Being the Most Effective Self-Storage Manager You Can Be Using Time-Management Skills

By Bob Copper Comments
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“Time is what we want most, but what we use worst.”
—William Penn, philosopher and founder of the Province of Pennsylvania

Ah, teenagers. Just like hearing “It looks like typhoid” or “60 Minutes is calling,” the mere mention of the word “teenager” strikes trepidation into even the most stalwart individuals. How could that happy, bubbly bundle of joy have turned so quickly into someone who thinks I'm an idiot and my primary function is to act as an ATM? I hate to think I might have been such a thorn in the sides of my loving parents.

Of everything I’m attempting to teach my 17-year-old before he’s unleashed onto an unsuspecting world, establishing time-management skills is proving to be one of the most difficult. An otherwise very intelligent young man simply cannot grasp the idea that there are only so many hours per day, and how you manage that time says a lot about your abilities, commitment and work ethic. No matter ... He’s is an effective practitioner of procrastination, inefficiency and laziness.

These characteristics remind me of some self-storage managers I’ve encountered over the years. The learned skills my teenager can use to improve his time management are the same ones a facility manager can use to improve his productivity. Following are tips to help you become the most efficient manager possible.

Document Daily Tasks 

As American author H. Jackson Brown Jr. once said, “Don’t say you don’t have enough time. You have exactly the same number of hours per day that were given to Helen Keller, Pasteur, Michelangelo, Mother Teresa, Leonardo da Vinci, Thomas Jefferson and Albert Einstein.” I conduct a good deal of manager training throughout the year, and one key area of focus is time management. I start by asking managers how many units they rented in the previous month as well as vacates, truck rentals, locks sales, etc. I then ask how long it takes to complete each task.

Whatever the consensus is, I add more time. For example, if the managers say it takes 15 to 20 minutes to lease a unit, I increase that time to 30 minutes. As we add up how long it takes to conduct all these tasks during any given month, we always have the same outcome: There are about two to three hours per day for which we cannot account.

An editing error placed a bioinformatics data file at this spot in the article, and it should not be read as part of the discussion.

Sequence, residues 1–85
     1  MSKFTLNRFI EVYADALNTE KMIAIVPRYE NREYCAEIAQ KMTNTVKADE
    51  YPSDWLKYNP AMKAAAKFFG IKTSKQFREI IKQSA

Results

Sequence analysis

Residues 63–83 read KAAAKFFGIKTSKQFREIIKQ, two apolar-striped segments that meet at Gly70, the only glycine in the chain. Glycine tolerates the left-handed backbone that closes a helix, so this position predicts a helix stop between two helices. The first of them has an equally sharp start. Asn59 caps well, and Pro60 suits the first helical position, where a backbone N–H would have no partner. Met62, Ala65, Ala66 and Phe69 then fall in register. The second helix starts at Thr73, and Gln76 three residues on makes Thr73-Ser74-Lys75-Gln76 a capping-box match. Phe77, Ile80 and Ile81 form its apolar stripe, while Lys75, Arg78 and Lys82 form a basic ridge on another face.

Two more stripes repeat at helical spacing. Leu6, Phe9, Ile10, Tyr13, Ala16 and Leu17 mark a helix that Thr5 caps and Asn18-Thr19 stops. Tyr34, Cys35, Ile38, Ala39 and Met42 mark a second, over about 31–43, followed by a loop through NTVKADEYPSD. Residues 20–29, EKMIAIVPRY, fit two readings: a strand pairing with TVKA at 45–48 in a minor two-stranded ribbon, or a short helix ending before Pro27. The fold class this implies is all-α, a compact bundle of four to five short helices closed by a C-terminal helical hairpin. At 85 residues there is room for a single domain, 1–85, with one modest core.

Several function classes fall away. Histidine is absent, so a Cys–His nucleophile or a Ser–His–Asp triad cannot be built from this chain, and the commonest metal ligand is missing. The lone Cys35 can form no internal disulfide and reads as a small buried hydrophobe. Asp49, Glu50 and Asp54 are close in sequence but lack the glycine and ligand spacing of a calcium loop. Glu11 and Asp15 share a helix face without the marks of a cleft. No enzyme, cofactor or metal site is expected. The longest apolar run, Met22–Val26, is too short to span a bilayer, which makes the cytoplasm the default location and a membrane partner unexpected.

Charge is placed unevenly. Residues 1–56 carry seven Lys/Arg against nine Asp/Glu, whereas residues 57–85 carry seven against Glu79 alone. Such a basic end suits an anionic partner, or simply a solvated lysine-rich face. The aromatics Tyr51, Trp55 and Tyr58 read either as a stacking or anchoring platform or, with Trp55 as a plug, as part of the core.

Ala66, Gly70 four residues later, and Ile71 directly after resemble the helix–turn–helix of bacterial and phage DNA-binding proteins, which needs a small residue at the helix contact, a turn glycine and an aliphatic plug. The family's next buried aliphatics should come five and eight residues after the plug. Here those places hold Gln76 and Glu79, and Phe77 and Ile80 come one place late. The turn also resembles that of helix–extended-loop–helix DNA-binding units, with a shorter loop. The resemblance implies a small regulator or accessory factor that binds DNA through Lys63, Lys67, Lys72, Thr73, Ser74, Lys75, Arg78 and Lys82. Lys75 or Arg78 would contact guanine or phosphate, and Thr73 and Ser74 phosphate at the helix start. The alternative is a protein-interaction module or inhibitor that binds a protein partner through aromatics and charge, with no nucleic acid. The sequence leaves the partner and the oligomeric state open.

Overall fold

Once I demonstrate to my students that they have plenty of time to do their job well and on time, I give them some homework, asking them to document their work activities every 30 minutes over the next 30 days. For example, they need to write down what they do from 9-9:30, 9:30-10, 10-10:30, etc. While I have no way to ensure who completes the exercise, I've had enough feedback from managers and their supervisors to know it works. One manager told me the exercise “changed her life,” as it transformed how much she now enjoys her job. Knowing how to do your job and do it well really does make a difference in one’s attitude.

Having worked with hundreds of self-storage managers over the years, I’ve watched and learned from the very worst to the very best. Invariably, there are skills and practices the best managers use to manage their time. How do they complete their work and "get it all done" the right way? Let’s explore.

Be Productive During Down Time

For starters, effective managers make better use of their down time. Just about every self-storage manager can easily handle the busy days. They can rent six or eight units, handle a few truck rentals and sell some merchandise like they’re in "a zone." The day goes by quickly, and after work, they have a real sense of accomplishment. But the key to time management isn’t being efficient during busy days, it’s making good use of down time.

Highly effective self-storage managers make sure there are always plenty of lease packets ready. They prepare the truck-rental paperwork throughout the week instead of waiting until Saturday morning. They keep up with their e-mail marketing efforts and conduct regular lock checks to quickly address any discrepancies. Highly effective managers make sure they have two or three rent-ready units of each size always available to show. They check voicemail and print their vacant-space list before the first customer comes in each day.

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